Third, I made a pact. I have a writing buddy and, in an effort to defeat the dread monster writer’s block, we promised each other first drafts of our work-in-progress by Christmas. My efforts to defeat the aforementioned scourge have not gone well, and NaNoWriMo is my only hope for getting the story drafted in time.

What am I doing for NaNoWriMo?

I’m cheating. Well, sort of. I’ve already started my book, in fact, I have 41,000 words, which leaves me 35,000 words shy of my anticipated word count. It’s been a real struggle over the past few months to make it this far and I realised that part of the reason it’s been so damn difficult is that I was telling the story in the wrong voice. So about 5,000 words ago I switched from third person past tense to first person present tense, and the words have flowed much smoother since, but now I have to go back and rework half the story. Ugh.

My goal for NaNoWriMo is first, to finish the manuscript, and, second, to rework the first half in the right voice. It feels stupidly ambitious, but I’m determnined to try.

My story is YA fantasy, which is a new genre for me. My previous work has been YA, but rooted in the real. I’m still working on the elevator pitch, but basically the plot is very loosely inspired by the Oneiroi, the dream gods in ancient Greek mythology. In my story, the Oneiroi cast dreams for the dying to ferry them from one world to the next, but mortals have figured out that they can use Oneiroi blood to extend their life and keep themselves looking young. The mortals coerce the reigning Heir of Morpheus into allowing his people to be taken into captivity. But neither he nor the mortals anticipate how this will upset the balance of the universe. My protagonist, Anassa, is one of the few Oneiroi to escape and with the help of the dark fate, Moros, and her fellow oneiros, Lex, she sets out to free her people and restore order.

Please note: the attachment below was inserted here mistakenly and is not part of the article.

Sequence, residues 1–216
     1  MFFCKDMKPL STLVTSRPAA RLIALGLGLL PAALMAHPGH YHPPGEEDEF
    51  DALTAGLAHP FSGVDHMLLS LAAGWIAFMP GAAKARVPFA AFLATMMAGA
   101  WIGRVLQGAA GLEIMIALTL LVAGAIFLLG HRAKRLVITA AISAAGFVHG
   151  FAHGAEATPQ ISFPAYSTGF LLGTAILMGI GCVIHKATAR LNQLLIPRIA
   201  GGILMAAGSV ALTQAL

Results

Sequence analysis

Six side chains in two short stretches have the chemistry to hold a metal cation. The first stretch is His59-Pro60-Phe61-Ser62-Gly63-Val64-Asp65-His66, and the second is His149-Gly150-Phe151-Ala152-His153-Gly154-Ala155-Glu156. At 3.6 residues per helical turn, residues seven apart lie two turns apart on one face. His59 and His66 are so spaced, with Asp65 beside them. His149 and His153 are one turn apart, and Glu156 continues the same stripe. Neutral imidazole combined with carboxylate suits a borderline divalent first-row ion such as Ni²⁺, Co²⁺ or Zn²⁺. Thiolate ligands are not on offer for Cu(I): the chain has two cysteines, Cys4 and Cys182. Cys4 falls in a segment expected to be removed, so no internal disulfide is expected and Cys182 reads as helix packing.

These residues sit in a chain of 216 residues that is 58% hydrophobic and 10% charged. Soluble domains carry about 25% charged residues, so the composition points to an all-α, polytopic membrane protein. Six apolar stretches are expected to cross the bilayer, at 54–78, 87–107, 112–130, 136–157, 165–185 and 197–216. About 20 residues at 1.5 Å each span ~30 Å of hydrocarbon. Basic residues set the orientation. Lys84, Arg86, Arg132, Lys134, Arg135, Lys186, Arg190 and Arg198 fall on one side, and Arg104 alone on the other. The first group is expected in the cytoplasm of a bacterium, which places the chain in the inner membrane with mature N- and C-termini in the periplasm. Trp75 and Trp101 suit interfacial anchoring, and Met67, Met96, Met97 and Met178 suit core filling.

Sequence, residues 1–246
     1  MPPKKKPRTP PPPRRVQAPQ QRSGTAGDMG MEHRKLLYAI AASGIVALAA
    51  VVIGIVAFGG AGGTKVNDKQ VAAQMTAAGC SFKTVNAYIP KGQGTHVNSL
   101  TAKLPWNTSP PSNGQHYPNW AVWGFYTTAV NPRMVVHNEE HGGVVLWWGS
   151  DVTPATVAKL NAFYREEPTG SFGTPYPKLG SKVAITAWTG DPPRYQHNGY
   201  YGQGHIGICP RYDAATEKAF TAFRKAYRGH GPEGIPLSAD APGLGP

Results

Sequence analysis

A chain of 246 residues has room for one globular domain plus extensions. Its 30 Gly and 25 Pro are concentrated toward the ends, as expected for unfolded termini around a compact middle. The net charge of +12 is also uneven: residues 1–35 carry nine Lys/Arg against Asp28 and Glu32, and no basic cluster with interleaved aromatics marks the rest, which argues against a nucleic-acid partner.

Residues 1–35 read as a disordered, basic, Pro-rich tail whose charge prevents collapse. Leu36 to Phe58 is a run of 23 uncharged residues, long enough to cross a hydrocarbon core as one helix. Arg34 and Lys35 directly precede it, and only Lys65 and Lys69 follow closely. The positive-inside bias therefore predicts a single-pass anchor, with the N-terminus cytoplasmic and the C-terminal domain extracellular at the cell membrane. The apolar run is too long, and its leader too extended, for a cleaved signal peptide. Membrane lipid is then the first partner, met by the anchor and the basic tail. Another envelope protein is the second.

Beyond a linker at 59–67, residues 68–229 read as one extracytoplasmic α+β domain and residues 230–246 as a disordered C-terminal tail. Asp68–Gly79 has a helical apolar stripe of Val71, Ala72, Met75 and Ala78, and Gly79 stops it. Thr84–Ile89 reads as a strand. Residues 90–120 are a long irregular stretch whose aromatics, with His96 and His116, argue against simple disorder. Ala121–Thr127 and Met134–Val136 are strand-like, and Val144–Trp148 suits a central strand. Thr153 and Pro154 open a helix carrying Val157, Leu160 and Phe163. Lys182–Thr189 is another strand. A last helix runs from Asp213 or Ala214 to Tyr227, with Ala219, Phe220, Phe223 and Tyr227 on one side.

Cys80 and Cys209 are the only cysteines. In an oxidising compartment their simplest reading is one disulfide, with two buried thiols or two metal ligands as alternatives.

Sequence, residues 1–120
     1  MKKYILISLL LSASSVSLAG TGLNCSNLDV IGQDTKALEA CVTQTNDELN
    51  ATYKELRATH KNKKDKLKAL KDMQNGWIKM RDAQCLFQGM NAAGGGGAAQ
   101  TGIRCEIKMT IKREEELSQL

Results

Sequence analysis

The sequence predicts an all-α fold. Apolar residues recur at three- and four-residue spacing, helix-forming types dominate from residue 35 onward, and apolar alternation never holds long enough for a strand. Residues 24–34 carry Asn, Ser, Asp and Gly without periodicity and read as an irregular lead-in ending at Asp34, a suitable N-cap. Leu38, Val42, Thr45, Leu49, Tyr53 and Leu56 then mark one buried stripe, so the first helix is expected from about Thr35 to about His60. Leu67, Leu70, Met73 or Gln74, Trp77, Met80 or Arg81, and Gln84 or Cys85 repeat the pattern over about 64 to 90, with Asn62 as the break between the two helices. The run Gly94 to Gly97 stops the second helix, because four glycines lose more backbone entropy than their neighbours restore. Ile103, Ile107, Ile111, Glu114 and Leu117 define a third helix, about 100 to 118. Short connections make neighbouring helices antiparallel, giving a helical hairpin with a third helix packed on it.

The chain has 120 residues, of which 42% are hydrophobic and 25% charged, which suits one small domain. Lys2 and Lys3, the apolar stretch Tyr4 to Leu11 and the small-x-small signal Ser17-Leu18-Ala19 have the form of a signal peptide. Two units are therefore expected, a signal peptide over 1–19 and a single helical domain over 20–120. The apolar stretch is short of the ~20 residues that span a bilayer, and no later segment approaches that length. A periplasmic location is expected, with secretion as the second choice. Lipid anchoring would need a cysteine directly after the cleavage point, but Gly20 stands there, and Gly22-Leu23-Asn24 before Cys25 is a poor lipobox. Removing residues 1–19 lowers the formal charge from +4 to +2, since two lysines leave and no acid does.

The story’s got action, romance and adventure, but it’s also about questioning the status quo, making informed choices and exploring the darker side of what it means to listen to your heart and follow your dreams.

How’s it going so far?

Super well. Yesterday I did three loads of washing, cleaned the house, did the grocery shopping, took the dog for not one but two walks and decided it was a good day to get addicted to Battlestar Galactica. I wrote 380 words. Here’s hoping things improve.

It’s actually not as dire as it sounds. I try to keep the weekends free to spend with family and friends, but I’ve set aside Wed–Fri each week to write, so I plan to do the bulk of the work on those days and squeeze extra writing sessions between Beps in the evenings. That, or I just won’t sleep for the final week of the month. Either way, I SHALL NOT FAIL.

You can check in with my progress by visiting my NaNoWriMo profile.

Are you doing NaNoWriMo this year? Have you conquered the challenge before? What’s your project? How are you managing your time?

Like what you see? Keep in touch:

Twitter facebook-official-icon-3_jpg Instagram goodreads icon circle-64 Pinterest

And get the latest from Lectito delivered to your inbox. 

sign up